Another form of primary source materials are oral history interviews. Oral histories might give us a person's life story or can address a particular topic. The focus is on their memories and reflections of past events. This can give us access to regional and global events that were not reported in other ways. Researchers should be aware that sometimes the memories are recorded several decades after the original events, but they offer an insight that may be unavailable in other materials.
The MSU Libraries has created and collected oral histories on a variety of topics. Many of the histories are transcribed, while some are only available as audio files. To access offline interviews or with any questions about MSU's archival collections, contact Special Collections and Archives by email or at 417.836.5428. For others, follow the links below.
This collection includes women who represent the diversity of faiths in the Ozarks.The project is a product of student work in several REL 370: Women and Religion courses. The students have been enthusiastic about preserving the stories of many of the women who have contributed, formally and informally, to the rich religious heritage of the Ozarks. The collection is scheduled to be fully online by the end of 2020.
Ozarks Lesbian and Gay Archives (OLGA) oral history project
This project preserves the stories of the LGBTQ community in our region. Histories may include full life stories or focus on an event or specific subject. Participants have shared the memories of discrimination, community organizations, life in rural Missouri, and changes they've seen over the years. These oral histories are not yet online, so researchers are encouraged to contact Special Collections for more information.
The library has placed several oral history collections related to Route 66 online. These include recordings made by volunteers with the Route 66 Association of Missouri, the results of a grant-funded project on trucking on Route 66, and "Birthplace: Greater Route 66 Oral History Project" focusing on the African American experience in Greene County. The video and audio files are on YouTube, with links to full-text transcriptions.
The Ozarks Voices project includes a wide range of people with stories to tell. The interviews include local musicians, business owners, authors, and historians. The video and audio files are on YouTube, many with links to full-text transcriptions.
The Harry E. Appleby Veterans Oral History Project is part of the Veterans History Project, initiated and sponsored by the Library of Congress. This nationwide project is an attempt to capture the memories of men and women who served in the U.S. military. Locally there are over 400 interviews from throughout the region. The guide to the collections includes the names of interviewees and gives a link to the interviews available on the Library of Congress's site.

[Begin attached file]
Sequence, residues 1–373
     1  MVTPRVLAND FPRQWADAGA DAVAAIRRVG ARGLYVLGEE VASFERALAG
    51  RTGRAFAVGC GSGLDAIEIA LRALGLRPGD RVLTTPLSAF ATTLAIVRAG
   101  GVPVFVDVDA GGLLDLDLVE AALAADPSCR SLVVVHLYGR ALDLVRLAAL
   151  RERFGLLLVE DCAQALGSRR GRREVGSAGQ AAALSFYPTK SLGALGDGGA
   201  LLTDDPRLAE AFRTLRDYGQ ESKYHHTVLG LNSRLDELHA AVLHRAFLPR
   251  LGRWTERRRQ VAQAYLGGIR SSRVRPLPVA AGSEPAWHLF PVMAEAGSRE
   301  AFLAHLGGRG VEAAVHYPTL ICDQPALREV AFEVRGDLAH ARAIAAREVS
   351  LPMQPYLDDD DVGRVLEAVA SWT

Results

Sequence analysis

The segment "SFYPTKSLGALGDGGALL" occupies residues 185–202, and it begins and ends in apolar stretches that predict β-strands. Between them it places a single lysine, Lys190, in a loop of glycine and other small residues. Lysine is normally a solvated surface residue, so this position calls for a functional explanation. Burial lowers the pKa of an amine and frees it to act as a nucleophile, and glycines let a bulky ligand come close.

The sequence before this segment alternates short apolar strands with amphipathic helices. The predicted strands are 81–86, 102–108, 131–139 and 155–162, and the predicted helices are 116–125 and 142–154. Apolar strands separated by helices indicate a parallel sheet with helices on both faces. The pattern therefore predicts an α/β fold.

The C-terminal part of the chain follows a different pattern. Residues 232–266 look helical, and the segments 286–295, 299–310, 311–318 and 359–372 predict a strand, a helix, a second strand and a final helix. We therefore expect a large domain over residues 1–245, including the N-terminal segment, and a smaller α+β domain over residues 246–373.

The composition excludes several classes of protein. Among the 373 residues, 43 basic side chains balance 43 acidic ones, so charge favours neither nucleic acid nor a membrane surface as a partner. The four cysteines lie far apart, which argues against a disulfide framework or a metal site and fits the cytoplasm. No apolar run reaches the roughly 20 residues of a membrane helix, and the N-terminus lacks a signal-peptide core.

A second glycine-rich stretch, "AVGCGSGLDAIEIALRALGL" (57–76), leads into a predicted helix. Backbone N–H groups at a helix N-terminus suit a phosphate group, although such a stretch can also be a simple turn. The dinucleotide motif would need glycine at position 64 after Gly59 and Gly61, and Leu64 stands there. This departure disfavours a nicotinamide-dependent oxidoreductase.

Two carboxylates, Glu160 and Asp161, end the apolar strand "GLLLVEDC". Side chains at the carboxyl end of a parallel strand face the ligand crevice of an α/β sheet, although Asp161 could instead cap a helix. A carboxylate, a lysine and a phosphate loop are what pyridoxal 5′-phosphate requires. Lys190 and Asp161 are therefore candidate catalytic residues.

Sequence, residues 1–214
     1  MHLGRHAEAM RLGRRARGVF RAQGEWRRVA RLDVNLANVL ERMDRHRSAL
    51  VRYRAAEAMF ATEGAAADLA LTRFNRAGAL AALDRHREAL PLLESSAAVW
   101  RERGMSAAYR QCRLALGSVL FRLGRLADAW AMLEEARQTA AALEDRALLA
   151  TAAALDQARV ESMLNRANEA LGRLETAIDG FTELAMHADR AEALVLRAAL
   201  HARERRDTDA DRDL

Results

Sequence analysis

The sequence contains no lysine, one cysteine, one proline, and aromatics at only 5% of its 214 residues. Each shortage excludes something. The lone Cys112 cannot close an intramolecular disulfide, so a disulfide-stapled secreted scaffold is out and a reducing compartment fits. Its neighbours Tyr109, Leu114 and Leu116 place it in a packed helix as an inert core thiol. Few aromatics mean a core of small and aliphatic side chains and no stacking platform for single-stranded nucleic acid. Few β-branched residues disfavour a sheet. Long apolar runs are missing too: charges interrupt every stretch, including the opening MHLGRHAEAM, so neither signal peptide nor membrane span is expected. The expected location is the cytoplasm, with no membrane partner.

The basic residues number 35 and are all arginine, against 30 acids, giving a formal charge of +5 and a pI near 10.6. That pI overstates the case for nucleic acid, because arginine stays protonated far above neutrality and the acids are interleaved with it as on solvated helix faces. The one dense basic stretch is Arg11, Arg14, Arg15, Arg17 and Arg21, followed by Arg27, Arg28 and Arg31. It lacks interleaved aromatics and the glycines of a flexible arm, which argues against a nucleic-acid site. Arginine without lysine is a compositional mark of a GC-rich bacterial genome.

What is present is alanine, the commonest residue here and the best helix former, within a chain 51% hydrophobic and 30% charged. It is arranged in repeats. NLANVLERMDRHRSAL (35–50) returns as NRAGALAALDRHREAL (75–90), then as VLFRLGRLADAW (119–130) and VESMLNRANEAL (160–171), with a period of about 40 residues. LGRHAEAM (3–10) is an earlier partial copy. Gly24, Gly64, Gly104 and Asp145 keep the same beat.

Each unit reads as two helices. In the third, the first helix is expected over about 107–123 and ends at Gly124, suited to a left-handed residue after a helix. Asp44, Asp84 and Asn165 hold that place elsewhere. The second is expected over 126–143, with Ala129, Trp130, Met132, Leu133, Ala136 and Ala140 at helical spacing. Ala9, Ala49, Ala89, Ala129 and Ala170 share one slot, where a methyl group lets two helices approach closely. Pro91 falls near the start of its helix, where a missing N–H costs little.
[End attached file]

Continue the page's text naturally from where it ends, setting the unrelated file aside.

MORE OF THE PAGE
Ozarks Jewish Archives (OJA) oral histories
This collection is a community project that works to preserve the history of the Jewish community. Among the materials is an oral history project with 12 recordings collected in 1992-1993. These are not yet available online, so contact Special Collections for access.
There are many oral history projects online. The ones listed here are just a sampling. A Google search can help find others that add to your research.
For help with your research, contact:
Head, Special Collections and Archives
Students may want to conduct oral histories as part of their research. If so, they will want to do it in a thoughtful, ethical way that gathers information that is helpful to their research, but also respects the interviewee's time and willingness to share.
Below are guides to conducting oral histories that will help researchers complete a successful interview. We suggest discussing the planned oral histories with your professor before beginning an interview.
A Practical Guide to Oral History (Southern Oral History Program)
Oral History Project Guidelines (Minnesota Historical Society)
A survey of oral history collections in Missouri was published in 2012. It contains responses from universities, research centers, and museums, as well as information from smaller institutions that might not have online information about their holdings.
This website has more information on conducting oral histories, as well as links to oral history centers around the country.